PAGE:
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What can you learn about bird nests?

Updated on October 19, 2013

Spring is a good time to teach about nests and how they are built.

Each kind of bird has a very distinctive nest. The nests that are found most frequently are the ones in the form of a "basket"; they are often found hidden in trees at the fork of branches.

Often, birds use organic materials such as twigs, moss, grass, leaves, feathers, etc. to make their nest. Sometimes, birds also use wool, animal hair, or man-made materials like fabric, paper, etc.

Some nests are woven and suspended. Others are built under a roof, under a ledge or against beams. These nests are built from fine mud which birds get in puddles and on the banks of a pond or a river. The mud is strengthened by straw. Inside the nest, there are feathers which make it comfortable. These nests are inhabited by swallows. Swallows sometimes form colonies by attaching one nest to the next; that saves them some work!

Other birds built their nest in the hollows of rock walls or in the hollows of trees.

The cuckoo has a rather interesting behaviour because it lives as a parasite on the nest of other birds. The female cuckoo can lay from 8 to 25 eggs per season, and lays them in various nests. When the cuckoo chicks hatch, they throw the eggs of the foster parents out of the nest to be able to take full advantage of the food supply!

In an educational context, nests, their shape, the colour of the eggs, etc. allow the children to develop their sense of observation. You can borrow books in the library or do research on the internet to find illustrations of different kinds of nests.

Sometimes the wind or a storm knocks a nest down. Why not bring it to class and observe the elaborate work of the birds. In spring also, with some luck, it is possible to find fragments of eggshells that the bird parents throw out of the nest.

You can also speak about predators of the various kinds of birds, about migrations, etc.

Also remind the students that if they are lucky enough to have birds that choose to build their nest near their house, they should not touch the baby birds because the parents might not continue to feed them.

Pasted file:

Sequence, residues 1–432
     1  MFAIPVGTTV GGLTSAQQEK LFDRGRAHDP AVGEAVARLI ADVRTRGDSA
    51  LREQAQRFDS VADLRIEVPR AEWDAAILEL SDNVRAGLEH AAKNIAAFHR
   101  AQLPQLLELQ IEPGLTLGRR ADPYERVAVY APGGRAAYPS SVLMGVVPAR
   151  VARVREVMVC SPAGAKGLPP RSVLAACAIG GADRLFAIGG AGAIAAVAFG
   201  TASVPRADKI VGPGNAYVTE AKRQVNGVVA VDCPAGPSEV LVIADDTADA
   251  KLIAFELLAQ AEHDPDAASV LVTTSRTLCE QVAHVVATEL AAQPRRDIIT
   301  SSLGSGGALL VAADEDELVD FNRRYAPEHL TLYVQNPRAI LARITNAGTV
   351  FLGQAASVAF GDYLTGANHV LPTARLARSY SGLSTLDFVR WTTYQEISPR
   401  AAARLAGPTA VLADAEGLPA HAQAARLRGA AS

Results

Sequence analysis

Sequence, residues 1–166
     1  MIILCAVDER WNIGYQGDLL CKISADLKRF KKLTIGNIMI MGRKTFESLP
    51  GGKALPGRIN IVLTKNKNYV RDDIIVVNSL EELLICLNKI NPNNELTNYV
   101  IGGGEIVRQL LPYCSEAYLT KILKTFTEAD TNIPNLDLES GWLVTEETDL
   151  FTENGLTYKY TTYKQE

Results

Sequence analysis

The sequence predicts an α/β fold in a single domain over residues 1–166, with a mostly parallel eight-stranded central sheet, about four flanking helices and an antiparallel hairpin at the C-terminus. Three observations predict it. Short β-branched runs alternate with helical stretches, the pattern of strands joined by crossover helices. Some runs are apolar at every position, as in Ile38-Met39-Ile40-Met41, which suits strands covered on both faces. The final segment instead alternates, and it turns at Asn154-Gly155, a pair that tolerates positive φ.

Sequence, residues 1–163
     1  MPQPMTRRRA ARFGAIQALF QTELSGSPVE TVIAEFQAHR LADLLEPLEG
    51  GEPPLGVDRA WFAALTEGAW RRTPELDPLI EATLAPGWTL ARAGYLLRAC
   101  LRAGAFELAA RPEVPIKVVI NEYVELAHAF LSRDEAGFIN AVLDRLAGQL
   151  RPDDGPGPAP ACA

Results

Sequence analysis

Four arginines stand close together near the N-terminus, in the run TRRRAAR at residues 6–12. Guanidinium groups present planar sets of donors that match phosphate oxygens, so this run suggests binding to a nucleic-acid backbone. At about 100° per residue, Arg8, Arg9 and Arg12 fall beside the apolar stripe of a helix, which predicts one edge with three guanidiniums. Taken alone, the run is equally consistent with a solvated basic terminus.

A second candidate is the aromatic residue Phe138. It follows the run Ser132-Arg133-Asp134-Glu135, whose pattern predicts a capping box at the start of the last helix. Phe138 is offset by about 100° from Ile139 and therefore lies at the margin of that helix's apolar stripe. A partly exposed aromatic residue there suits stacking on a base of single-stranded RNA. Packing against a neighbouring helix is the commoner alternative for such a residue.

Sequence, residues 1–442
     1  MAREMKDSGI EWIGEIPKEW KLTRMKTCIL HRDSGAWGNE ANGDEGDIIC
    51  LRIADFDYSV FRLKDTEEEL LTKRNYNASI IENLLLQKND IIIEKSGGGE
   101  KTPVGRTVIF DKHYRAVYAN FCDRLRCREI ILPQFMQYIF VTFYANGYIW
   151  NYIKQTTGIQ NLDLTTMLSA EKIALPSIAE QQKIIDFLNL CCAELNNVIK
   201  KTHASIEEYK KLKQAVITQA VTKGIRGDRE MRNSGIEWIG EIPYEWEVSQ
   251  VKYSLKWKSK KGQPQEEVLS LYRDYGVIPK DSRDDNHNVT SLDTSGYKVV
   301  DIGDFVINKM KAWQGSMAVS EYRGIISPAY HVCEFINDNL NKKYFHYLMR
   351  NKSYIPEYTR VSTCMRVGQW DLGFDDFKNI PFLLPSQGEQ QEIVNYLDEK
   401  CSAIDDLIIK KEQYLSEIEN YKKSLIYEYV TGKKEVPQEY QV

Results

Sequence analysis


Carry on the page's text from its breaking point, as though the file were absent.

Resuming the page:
Teaching with art

In my experience, teaching can be more effective if it is combined with a hands-on activity like a visual arts project. I have created many art projects with teaching resources that make it very easy to do apply this method, even if you are not an art teacher.

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    • sprickita profile image

      sprickita 3 years ago from Reno

      A cute little trick; is to put a basket with little bits of yarn or string out when spring starts and watch as the birds take pieces from the basket to incorporate into their nest.

    • kidscrafts profile image
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      kidscrafts 3 years ago from Ottawa, Canada

      Good idea! Thank you Sprickita! I should try that and make a video to complement this hub :-)

    • CraftytotheCore profile image

      CraftytotheCore 3 years ago

      My son loves birds. When he grew out of his rain boots when he was about 4, we stuffed them with trimmings from around the house. Yarn, cotton, dryer lint, etc., and hung them on a tree so he could see the birds making nests from the materials. We also brush our dogs outside. Birds love animal fur to build nests with.

    • kidscrafts profile image
      Author

      kidscrafts 3 years ago from Ottawa, Canada

      What a neat idea, Crafty and very educational! Birds love to pick all kind of materials for their nest so why not gather them. But you made that even more easy by placing everything it the boots. I would have love to see the picture of this :-)

      Enjoy the rest of the day!

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